Shameless Self-Promotion Sunday

Promote yourself.


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About Jill

Jill began blogging for Feministe in 2005. She has since written as a weekly columnist for the Guardian newspaper and in April 2014 she was appointed as senior political writer for Cosmopolitan magazine.
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50 Responses to Shameless Self-Promotion Sunday

  1. canbebitter says:

    This week I wrote about a guilty pleasure of mine: Australian radio show “Love Song Dedications” and determine that maybe it’s not as guilty as it seems. Could it be one of the most women-friendly and queer-friendly shows on mainstream radio?

    http://canbebitter.wordpress.com/2013/03/26/is-love-song-dedications-the-queerest-place-on-mainstream-radio/

  2. This week at the Yes Means Yes Blog:

    My letter to teenage boys about Steubenville: Hey Teenage Boys! Worries About Steubenville? Don’t Be.

    Also, sadly, Next Time Already Happened, in Torrington, Ct. Four football players, ages 17 and 18, and two thirteen year old girls.

  3. Kathy says:

    This week I wrote briefly about the lengths parents go to to get their children enrolled in gifted classes, plus my own high school experience during the dark days of “tracking.”

  4. Jem Bloomfield says:

    I just reviewed Rhian E Jones’ book Clampdown: Pop-Cultural Wars On Class and Gender – fascinating stuff about her own experiences of rock music, our general cultural drift towards the right, the silencing of working class women’s voices, and intersectionality.

  5. Jennifer says:

    I’ve created a series of YouTube videos on Test Prep without Corruption that may be of interest to parents and teachers who want to prepare students for state tests without sacrificing what is amazing and wonderful about learning. Video 3 talks about stereotype threat, which impacts girls on math and science tests.

  6. Aoife says:

    This week at the Tea Cosy:

    The difference between pity, compassion and empathy, and why those of us in social justice movements need to ditch the first and work our asses off on the others.

    AnOther Irish Abortion Abroad tells the story of one woman’s experiences travelling to the UK for an abortion. Because Irish abortions happen every day. They just don’t happen here.

    In Poly musings: on her others I get personal, and talk about how I feel about the other people my partner is in relationships with.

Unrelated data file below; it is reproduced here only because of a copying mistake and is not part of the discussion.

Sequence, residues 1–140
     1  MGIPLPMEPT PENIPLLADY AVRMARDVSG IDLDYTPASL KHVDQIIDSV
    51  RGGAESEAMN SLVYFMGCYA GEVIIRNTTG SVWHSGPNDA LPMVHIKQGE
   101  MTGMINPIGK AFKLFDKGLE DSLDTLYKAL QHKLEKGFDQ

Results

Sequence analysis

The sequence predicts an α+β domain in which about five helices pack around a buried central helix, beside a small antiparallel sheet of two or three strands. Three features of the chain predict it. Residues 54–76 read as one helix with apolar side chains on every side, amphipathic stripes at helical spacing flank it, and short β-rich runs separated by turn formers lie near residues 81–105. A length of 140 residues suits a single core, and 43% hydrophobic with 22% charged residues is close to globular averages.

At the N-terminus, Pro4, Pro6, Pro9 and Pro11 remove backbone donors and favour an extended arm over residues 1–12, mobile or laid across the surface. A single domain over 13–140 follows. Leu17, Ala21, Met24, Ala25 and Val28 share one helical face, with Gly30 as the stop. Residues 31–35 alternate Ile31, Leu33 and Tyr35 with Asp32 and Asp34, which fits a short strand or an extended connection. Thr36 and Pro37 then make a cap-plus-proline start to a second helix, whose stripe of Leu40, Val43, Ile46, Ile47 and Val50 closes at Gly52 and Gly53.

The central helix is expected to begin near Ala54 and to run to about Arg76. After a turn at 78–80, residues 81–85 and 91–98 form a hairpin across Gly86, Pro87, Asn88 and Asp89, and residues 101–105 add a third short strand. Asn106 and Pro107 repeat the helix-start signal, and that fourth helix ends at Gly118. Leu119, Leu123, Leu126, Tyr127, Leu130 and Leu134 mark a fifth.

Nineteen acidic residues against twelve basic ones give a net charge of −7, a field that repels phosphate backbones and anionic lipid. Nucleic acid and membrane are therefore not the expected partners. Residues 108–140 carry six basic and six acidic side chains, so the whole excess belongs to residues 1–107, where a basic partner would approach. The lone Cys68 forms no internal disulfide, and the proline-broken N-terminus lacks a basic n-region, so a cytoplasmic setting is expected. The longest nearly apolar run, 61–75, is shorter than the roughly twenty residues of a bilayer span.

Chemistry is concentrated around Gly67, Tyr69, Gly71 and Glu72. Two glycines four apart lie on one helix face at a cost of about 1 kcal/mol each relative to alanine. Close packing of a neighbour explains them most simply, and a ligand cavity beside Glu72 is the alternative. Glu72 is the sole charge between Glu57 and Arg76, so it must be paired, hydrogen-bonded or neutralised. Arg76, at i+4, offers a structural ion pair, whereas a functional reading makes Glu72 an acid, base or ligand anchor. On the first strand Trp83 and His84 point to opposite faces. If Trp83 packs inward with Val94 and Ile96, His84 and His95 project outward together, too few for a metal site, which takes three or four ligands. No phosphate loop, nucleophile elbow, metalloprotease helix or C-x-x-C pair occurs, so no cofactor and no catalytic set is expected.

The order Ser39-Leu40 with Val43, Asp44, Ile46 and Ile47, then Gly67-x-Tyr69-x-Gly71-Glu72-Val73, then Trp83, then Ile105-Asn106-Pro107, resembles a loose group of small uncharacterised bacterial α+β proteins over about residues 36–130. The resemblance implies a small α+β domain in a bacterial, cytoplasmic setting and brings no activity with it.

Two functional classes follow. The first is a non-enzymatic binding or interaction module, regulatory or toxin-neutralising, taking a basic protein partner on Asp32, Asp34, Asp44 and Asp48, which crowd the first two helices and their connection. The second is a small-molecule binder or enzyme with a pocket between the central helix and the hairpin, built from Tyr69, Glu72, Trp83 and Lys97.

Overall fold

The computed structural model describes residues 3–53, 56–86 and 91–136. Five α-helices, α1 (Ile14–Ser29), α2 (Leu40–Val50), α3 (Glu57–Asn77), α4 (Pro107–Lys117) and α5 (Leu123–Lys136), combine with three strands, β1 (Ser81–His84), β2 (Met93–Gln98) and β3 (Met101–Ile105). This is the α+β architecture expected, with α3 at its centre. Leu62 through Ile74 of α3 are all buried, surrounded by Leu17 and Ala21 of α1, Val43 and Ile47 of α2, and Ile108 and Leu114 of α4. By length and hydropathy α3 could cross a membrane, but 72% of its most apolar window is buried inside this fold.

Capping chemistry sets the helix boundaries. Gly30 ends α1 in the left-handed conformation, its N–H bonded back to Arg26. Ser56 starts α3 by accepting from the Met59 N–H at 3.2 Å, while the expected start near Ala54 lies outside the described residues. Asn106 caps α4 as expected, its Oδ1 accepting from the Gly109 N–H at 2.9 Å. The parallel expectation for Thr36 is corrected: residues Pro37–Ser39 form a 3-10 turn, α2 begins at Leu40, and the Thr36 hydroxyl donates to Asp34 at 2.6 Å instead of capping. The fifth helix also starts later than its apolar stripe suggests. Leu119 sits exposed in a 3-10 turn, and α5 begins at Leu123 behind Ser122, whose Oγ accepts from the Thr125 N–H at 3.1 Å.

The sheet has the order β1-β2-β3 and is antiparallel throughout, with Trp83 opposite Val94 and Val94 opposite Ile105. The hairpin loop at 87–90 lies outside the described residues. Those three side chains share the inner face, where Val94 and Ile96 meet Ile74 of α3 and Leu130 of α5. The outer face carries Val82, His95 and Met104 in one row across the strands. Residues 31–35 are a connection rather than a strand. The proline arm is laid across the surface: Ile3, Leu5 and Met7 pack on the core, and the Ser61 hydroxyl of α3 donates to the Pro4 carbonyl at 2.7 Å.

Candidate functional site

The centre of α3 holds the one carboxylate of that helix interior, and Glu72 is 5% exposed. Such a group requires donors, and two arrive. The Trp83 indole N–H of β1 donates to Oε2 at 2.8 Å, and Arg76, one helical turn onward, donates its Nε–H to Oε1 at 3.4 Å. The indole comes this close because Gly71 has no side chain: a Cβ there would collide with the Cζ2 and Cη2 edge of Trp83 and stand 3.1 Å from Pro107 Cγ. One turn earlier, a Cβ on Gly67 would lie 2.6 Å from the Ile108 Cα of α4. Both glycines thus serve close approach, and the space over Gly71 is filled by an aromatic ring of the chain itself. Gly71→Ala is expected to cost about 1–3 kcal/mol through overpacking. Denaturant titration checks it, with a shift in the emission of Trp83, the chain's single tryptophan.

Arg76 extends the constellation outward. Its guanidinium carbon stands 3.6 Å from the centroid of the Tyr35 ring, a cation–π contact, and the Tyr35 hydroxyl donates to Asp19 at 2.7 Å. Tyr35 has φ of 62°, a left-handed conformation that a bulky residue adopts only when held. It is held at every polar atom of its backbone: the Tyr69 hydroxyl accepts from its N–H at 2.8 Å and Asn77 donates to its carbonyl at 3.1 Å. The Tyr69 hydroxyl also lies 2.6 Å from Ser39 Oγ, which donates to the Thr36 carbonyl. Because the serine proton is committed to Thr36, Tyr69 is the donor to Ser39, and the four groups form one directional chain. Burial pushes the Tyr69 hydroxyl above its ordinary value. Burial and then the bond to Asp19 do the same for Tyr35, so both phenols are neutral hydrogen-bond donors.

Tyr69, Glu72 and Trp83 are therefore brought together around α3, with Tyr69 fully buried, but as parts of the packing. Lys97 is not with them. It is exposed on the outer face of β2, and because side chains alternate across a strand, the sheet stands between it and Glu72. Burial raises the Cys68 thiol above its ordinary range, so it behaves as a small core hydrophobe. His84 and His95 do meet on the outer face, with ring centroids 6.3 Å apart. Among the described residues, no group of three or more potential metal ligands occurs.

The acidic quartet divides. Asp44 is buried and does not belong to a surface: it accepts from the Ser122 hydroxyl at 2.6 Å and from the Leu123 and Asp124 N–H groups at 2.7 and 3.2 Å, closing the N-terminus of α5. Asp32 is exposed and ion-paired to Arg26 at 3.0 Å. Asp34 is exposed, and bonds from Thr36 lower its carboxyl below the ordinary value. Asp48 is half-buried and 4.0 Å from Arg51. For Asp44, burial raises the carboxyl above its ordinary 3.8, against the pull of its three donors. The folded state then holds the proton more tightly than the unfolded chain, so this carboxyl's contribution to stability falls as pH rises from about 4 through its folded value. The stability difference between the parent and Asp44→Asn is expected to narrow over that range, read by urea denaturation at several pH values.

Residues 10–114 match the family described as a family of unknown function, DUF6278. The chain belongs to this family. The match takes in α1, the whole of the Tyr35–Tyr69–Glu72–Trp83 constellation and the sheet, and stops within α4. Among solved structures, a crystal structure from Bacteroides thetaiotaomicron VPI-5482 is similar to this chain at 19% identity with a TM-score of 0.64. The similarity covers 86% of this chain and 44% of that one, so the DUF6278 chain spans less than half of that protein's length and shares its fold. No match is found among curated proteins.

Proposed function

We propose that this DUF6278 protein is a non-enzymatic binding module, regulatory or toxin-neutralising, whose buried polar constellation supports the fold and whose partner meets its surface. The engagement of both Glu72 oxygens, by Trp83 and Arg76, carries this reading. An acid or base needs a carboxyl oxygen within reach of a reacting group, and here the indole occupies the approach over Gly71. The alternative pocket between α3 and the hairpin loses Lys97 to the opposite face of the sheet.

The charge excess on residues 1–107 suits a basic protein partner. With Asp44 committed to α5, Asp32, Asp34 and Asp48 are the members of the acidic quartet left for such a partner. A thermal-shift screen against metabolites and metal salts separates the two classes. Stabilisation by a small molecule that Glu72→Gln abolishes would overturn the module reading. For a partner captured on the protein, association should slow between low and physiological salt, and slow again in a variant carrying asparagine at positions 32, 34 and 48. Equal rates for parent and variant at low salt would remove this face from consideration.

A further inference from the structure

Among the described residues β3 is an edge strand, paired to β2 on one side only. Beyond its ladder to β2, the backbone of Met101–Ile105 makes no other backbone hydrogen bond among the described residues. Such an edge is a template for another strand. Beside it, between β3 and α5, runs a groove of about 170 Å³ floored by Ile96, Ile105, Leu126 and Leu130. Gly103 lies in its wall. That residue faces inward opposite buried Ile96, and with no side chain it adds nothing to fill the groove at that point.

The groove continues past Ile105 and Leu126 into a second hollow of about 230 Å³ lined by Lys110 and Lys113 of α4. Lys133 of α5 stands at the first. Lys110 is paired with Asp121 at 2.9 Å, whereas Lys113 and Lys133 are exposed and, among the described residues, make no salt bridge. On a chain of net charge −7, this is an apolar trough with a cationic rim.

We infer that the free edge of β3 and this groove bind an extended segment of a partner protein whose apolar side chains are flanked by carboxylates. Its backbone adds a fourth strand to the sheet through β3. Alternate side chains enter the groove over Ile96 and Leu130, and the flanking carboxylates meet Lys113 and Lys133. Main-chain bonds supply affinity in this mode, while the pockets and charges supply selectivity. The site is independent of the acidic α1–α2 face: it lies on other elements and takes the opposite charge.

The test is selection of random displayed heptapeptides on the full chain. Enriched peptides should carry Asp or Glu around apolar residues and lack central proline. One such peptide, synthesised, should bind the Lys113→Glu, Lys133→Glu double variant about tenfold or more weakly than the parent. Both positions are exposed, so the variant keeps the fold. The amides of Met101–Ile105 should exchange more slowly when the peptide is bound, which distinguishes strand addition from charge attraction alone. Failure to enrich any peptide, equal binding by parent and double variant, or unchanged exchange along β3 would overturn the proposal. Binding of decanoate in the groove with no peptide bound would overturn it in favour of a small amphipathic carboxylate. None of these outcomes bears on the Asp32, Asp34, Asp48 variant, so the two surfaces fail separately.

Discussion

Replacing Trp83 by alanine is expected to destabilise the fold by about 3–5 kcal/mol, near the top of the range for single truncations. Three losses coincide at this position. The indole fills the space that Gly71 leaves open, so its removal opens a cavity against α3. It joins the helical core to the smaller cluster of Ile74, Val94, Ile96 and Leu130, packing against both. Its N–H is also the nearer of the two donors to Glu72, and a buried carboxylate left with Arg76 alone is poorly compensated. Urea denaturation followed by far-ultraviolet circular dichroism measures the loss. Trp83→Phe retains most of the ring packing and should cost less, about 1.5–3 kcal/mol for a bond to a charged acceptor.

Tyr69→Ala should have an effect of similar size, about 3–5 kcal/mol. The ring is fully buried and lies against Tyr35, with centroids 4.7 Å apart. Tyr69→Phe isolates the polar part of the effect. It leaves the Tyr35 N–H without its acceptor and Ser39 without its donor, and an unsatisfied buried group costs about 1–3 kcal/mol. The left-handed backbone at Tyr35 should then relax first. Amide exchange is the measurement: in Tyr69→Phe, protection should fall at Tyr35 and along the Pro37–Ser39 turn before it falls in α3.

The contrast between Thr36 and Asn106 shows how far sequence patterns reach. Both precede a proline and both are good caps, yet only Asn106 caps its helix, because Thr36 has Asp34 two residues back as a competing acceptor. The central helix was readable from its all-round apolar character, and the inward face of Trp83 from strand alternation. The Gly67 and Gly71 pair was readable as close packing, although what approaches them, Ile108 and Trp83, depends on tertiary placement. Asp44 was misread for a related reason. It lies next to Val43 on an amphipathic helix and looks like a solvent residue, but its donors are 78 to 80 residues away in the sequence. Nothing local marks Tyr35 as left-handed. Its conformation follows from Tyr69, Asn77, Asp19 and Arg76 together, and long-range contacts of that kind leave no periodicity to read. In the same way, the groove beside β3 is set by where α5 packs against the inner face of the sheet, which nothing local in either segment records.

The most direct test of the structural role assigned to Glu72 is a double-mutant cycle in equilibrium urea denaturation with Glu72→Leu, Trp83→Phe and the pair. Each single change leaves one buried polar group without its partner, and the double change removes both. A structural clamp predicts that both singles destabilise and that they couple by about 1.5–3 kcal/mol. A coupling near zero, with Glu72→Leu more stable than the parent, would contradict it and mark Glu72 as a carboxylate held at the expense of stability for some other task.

I get furious for We Are Not Your Afterthought: responding to LGBT Soup. Ireland’s major LGBT publication posted a biphobic, transphobic piece by their deputy editor calling for all letters other than G to be removed from our acronym. I got angry.

    And finally, for the day that’s in it: Drink From Me And Live Forever: the case for Vampire Jesus is an analysis of the resurrection and a plea for greater understanding of our vampiric brethren. Tongue firmly in cheek.

  7. I posted a Holy Week potpourri of Lent Madness results, liturgical reflections, and Pope news, notably his inclusion of women in the footwashing rite on Holy Thursday and why that’s such a big deal in the Catholic church.

    I also want to give a shout-out to Dr. Free-Ride’s blogging on the Pycon incident involving Adria Richards. Her three posts on the incident and resultant debate over “naming and shaming” stood out among what I’ve been reading because they are written in the discourse/diction/register of the sciences, rather than the humanities register typical of most feminist writing. I think this gives them a good shot at reaching folks who are either unfamiliar with or dismissive of feminist analysis.

  8. This week I wrote a piece “Girls Don’t Drive” inspired by an incident at the park where a 6-year old boy began bullying my 2-year old daughter by continually screaming at her that Girl’s don’t Drive.

    In response to the Steubenville rape case, I wrote “Don’t Get Drunk or you Could Get Raped,” which explored the question of how we are supposed to raise girls in this “culture of rape.”

  9. I’ve got an analysis of the Yeah Yeah Yeahs new video for “Sacrilege” on its exploration of sin, sex, marriage, and hypocrisy.

    A short piece on why my students are not “customers” and you don’t want me to see them that way.

    A guest post from Amanda, an American who has lived in China for the past three years, on how the experience has shaped her sense of identity.

  10. A post on Alma Thomas, an important member of the Washington Color School and the first black woman to have a solo exhibition at the Whitney Museum (As well as being the first black woman to graduate from a US fine art program).

    An article on Victorian ceramics: how and why the craft was feminized and subsequently devalued.

  11. Tori says:

    For the last day of Endometriosis Awareness Month, I wrote Awareness Isn’t Enough, on steps forward.

    From earlier this week, Endo Assumptions, on things not to assume about others living with the condition.

    Also, an informative piece on endo treatments at PPAZ’s blog.

    Finally, sometimes street harassment is just… odd.

  12. And now I’m noting that my super-slow tablet typing and linking means I’m promoting my posts that Victoria Gaile has already promoted above.

    Thanks, Victoria! (Curse you, slow fingers!)

  13. BigSis says:

    A bit of a departure this week as I look at how upsetting debating feminist issues can be with non-feminist friends, and how to move on and get back to your happy shiny feminist self again. (TW for references to rape culture.)

  14. Anna says:

    This being Passover week, I thought I’d add my own ending to the Song of Miriam. The Bible verse is in bold, followed by my verses:

    Sing ye to the LORD, for He is highly exalted:
    The horse and his rider hath He thrown into the sea.

    He has liberated us from Egypt, from slavery;
    We must now liberate ourselves from hatred.